First person embodiment virtual reality training activates brain networks to help you identify more with others. CREDIT: de Borst et al., eNeuro 2020.
How can VR be best used in education?
VR is best used in educations for:
- Immersive and experiential learning
- Bringing people together who are geographically far apart
- Evoking empathy
Immersive and experiential learning – many people agree that experiential learning is the most effective way to learn. VR allows this to happen by successfully tricking the brain into thinking it’s seeing the virtual as reality, making us think that we are learning by experience. My favourite VR apps for experiential learning are:
a)– if you want to improve your communication skills, practice for a speech, interview, or sales pitch, you can use this app to trick your mind into thinking you’re speaking in front of a real crowd rather than the photo-realistic audiences and avatars in the app. It also provides instant feedback on hesitation words, volume of voice and pace so you can continually improve.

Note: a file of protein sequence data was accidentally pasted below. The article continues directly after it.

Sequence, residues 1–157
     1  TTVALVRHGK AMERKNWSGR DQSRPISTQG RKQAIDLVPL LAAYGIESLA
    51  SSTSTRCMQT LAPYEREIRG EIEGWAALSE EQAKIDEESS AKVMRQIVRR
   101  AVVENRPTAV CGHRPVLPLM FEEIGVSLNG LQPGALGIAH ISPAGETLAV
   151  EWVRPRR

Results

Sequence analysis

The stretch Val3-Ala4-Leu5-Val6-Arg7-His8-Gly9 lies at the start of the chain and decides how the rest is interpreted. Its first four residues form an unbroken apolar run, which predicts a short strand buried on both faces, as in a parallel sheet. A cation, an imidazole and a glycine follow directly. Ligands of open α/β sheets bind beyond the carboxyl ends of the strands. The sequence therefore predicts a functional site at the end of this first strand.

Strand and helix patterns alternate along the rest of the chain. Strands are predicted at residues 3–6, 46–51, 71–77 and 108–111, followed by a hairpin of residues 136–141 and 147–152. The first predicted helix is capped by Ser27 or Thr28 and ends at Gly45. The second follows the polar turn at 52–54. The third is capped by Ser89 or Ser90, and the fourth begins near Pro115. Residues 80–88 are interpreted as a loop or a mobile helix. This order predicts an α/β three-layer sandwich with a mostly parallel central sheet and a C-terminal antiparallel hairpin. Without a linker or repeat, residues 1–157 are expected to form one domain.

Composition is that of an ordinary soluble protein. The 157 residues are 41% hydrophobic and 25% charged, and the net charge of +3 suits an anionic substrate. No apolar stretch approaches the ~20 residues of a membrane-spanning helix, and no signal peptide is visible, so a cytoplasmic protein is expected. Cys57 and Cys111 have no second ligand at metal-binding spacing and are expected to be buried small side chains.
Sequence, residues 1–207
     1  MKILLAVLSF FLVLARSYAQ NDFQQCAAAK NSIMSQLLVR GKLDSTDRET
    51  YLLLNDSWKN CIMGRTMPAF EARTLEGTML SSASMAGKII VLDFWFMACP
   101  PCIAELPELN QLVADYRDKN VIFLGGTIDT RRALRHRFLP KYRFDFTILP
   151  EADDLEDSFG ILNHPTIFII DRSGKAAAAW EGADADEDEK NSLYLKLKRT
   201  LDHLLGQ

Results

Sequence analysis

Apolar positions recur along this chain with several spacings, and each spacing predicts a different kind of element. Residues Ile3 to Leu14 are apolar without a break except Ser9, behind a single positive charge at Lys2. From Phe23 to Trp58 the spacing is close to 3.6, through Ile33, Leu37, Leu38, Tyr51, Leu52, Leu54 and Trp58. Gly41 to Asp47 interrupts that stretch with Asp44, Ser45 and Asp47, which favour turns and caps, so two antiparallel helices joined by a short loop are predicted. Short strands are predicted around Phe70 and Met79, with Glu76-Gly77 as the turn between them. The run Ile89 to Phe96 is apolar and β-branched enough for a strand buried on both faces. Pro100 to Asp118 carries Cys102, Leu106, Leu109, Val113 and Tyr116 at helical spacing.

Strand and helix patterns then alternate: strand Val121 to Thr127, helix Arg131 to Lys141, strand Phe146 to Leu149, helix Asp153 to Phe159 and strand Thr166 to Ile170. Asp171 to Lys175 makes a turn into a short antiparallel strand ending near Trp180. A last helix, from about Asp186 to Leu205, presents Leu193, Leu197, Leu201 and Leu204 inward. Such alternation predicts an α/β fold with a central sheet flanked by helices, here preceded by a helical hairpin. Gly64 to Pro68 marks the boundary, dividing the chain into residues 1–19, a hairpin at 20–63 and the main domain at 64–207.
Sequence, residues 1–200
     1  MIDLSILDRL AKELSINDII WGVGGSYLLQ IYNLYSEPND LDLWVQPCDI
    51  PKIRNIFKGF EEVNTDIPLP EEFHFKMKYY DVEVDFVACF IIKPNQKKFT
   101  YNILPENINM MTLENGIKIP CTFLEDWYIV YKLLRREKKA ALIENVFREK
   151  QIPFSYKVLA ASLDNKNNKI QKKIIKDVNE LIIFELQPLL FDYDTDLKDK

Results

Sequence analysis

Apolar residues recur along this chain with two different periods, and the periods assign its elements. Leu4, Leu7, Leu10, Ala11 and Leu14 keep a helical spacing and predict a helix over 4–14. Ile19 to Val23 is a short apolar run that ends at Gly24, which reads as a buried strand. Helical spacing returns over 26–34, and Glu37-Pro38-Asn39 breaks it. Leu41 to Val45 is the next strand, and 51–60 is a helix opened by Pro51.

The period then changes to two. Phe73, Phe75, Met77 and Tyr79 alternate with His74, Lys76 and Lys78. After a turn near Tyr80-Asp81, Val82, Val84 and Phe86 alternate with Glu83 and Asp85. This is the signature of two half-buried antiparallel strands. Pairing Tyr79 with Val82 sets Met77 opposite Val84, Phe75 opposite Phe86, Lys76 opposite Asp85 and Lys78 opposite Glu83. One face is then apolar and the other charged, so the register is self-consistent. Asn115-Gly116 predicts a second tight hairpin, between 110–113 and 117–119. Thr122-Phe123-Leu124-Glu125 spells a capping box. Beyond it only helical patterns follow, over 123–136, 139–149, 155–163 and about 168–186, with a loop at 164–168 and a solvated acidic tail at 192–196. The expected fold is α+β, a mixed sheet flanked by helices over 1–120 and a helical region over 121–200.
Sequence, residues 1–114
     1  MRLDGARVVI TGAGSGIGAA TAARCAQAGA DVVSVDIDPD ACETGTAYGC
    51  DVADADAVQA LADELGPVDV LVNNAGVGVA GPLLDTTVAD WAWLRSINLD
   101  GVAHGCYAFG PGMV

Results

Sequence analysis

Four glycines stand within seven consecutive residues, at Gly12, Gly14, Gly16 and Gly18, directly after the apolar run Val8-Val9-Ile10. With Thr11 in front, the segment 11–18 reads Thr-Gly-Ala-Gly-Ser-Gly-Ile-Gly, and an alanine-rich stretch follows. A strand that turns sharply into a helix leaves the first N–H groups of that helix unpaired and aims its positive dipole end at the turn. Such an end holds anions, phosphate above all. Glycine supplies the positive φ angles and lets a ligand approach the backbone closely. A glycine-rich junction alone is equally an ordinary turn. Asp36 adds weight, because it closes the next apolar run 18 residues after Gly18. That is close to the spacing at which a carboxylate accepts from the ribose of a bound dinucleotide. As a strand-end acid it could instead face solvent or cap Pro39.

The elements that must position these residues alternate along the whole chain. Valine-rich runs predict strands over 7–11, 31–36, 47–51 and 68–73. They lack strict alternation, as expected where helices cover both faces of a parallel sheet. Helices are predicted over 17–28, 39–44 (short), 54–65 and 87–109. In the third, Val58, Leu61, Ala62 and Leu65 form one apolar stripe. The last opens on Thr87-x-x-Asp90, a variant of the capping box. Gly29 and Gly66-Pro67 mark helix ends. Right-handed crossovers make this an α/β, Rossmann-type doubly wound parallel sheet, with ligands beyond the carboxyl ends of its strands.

b) virtual tour of landmarks across the world. The images are really high quality so it’s easy to forget you’re still in a classroom or living room.-you can take a
c) virtual tour of the solar system. Who would’ve thought experiential learning about space was even possible?– you can go on a
Go on a virtual tour of our solar system.
Bringing people together – collaborating with other learners, other classes, and other schools can be a whole lot easier. As another comment mentions, imagine learning a language and being able to meet up with a native speaker of that language in a number of seconds. VR has the ability to make the world smaller and accessible.
Evoking empathy – people relate more to people and situations which they understand, and therefore have often had first-hand experience with. This could help charities to educate people about the reality of the situation that they are trying to help. For example, Alzheimer’s UK released a VR app called that puts the user in the position of someone living with Alzheimer’s. This creates a deeper understanding of the disease and how it affects sufferers.
Hopefully this list will keep growing the more the VR industry develops!